Picture this: you tell your family and friends that you have an idea for a new movie about a Colombian woman coming to the U.S. with her two children and husband. Two weeks after arrival, he abandons them, she then must struggle as a single mother against all odds: including hunger, homelessness, a home-made abortion. Your friends will probably think this story is too much; not realistic.
Well, you better believe it, because this is the life story of Paola Mendoza, writer, director and leading actor of Entre Nos (2009), who dedicates the film to her mother, who fought and never gave up, envisioning a bright future for Paola and her brother. Gloria La Morte co-wrote and co-directed this film that probably would be impossible to achieve without this double-helmed collaboration, being such a tremendous challenge for Mendoza to embark on all these roles, especially being a personal poignant story.
There is a very interesting and diverse casting: Andrés Munar (TV series Law & Order, Che) plays husband Antonio, first-time actors Sebastián Villada and Laura Montana play children Gabriel and Andrea, and two experienced actors like Anthony Chisholm (TV series Oz) and Sarita Choudhury (TV series Kings, Lady in the Water) play Joe and Preet, integrating amateur and professional performances into a balanced, authentic combination. Multicultural Queens, New York is the scenario for this immigrant chronicle where immigration is not the main theme, it is a given and actually, it is barely addressed. What allows the plot to develop is Mendoza and La Morte’s focus on the whole emotional journey of struggling to survive beyond a visa status. Mendoza plays Mariana, the mother, whose first instinct is to provide a daily solution for her children’s basic needs; she is also overwhelmed by the situation.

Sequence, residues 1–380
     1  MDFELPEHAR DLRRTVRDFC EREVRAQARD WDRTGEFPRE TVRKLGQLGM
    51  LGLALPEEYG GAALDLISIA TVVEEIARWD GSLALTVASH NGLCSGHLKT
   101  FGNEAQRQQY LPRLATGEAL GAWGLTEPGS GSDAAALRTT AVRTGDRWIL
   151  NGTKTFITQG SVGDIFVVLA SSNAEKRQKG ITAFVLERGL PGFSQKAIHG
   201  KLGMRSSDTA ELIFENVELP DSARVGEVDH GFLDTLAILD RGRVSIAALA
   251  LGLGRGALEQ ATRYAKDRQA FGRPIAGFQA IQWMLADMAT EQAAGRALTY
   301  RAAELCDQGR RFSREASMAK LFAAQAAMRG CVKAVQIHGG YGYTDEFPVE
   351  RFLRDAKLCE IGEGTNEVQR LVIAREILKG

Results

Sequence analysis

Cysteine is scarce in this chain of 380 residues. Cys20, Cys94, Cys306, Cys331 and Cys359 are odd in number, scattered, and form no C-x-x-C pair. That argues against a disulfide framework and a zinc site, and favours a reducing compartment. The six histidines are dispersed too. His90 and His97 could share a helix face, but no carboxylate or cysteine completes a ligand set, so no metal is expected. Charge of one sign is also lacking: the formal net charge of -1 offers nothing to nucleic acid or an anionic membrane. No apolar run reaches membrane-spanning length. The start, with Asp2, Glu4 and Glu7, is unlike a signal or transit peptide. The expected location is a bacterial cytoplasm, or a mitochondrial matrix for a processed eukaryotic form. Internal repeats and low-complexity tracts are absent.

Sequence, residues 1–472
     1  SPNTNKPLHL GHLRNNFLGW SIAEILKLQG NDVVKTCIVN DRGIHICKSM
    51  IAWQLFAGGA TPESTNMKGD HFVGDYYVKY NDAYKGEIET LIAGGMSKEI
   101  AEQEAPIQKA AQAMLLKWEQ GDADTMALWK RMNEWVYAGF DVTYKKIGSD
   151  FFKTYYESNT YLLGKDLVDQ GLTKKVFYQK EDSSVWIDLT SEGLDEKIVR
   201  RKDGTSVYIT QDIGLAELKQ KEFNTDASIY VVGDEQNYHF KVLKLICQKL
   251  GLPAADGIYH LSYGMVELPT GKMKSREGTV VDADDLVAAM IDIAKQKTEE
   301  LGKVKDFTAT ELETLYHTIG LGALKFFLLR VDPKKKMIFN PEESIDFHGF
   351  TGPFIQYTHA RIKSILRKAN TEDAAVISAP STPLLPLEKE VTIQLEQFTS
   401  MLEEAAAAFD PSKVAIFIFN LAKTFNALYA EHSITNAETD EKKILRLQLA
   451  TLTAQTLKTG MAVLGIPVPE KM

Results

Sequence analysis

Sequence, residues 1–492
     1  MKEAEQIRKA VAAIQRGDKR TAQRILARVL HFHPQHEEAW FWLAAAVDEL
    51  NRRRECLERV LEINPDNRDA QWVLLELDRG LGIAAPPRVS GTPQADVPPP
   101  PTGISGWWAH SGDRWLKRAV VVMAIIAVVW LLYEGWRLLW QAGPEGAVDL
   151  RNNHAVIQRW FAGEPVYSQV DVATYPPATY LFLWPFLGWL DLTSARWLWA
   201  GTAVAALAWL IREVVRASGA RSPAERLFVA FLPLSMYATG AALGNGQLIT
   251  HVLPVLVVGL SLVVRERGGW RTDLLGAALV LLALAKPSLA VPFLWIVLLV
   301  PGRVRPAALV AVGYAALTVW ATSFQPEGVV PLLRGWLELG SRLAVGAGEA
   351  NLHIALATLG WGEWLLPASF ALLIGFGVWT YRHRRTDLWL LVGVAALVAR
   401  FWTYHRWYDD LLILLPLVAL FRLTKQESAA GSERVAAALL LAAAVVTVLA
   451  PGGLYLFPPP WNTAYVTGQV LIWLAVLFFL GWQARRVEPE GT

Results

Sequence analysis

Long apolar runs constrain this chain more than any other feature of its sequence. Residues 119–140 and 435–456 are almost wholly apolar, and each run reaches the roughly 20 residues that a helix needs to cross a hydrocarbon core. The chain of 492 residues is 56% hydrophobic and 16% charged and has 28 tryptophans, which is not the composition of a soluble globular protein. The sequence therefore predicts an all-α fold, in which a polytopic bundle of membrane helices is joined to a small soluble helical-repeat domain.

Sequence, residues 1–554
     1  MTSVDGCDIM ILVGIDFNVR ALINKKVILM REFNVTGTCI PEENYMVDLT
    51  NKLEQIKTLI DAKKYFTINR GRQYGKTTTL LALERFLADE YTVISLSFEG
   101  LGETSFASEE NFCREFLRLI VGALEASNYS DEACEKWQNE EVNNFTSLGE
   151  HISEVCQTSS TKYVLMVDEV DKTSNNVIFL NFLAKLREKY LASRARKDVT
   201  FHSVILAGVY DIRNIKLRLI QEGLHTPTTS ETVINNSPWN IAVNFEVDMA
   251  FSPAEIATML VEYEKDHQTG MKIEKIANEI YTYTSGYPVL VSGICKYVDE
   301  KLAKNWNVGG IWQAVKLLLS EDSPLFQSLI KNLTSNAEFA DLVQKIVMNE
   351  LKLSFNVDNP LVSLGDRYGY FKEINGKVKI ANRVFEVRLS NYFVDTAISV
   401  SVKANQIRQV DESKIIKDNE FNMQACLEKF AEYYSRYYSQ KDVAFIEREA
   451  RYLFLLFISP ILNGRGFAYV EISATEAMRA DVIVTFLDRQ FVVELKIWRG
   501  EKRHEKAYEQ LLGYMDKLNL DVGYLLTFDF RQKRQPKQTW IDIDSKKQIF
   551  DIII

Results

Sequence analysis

At some point the plot leaves some important questions unanswered: Why did Antonio abandon them? Why did they never try to call for help in Colombia? We don’t know if that was part of the true story or flaws in the script. Though there is a permanent collaboration between Mendoza and La Forte, the team took an important risk having Mendoza playing such a personal role in her first feature directing herself. But it’s not pretentious, simply because it’s a tribute to Mendoza’s mother. Said that, we must give a lot of credit to this team: it was a first feature for La Forte, and a second feature for Mendoza after her collaboration with Gabriel Noble (P-Star Rising, also in the Festival this year) in Autumn’s Eyes (2006).
Beyond some forced shots and a plot that becomes somehow predictable, this Tribeca All Access Alumni team have a bright future on their hands. Entre Nos has some glimpses of humor inside the drama, and it is an example of hope, inspiration and dignity, not only for most of the immigrants coming to the U.S., but also for all kind of people that must struggle in life. Empanadas for $1, collecting cans for 5 cents, and many other odd jobs that most New Yorkers ignore make possible accomplishing the American dream that still so many immigrants pursue. It is not necessarily becoming a successful artist, or a top executive, or living in a democracy. For many, it’s as simple as having the opportunity to sit in a school desk, the very basic step to have a dream coming true.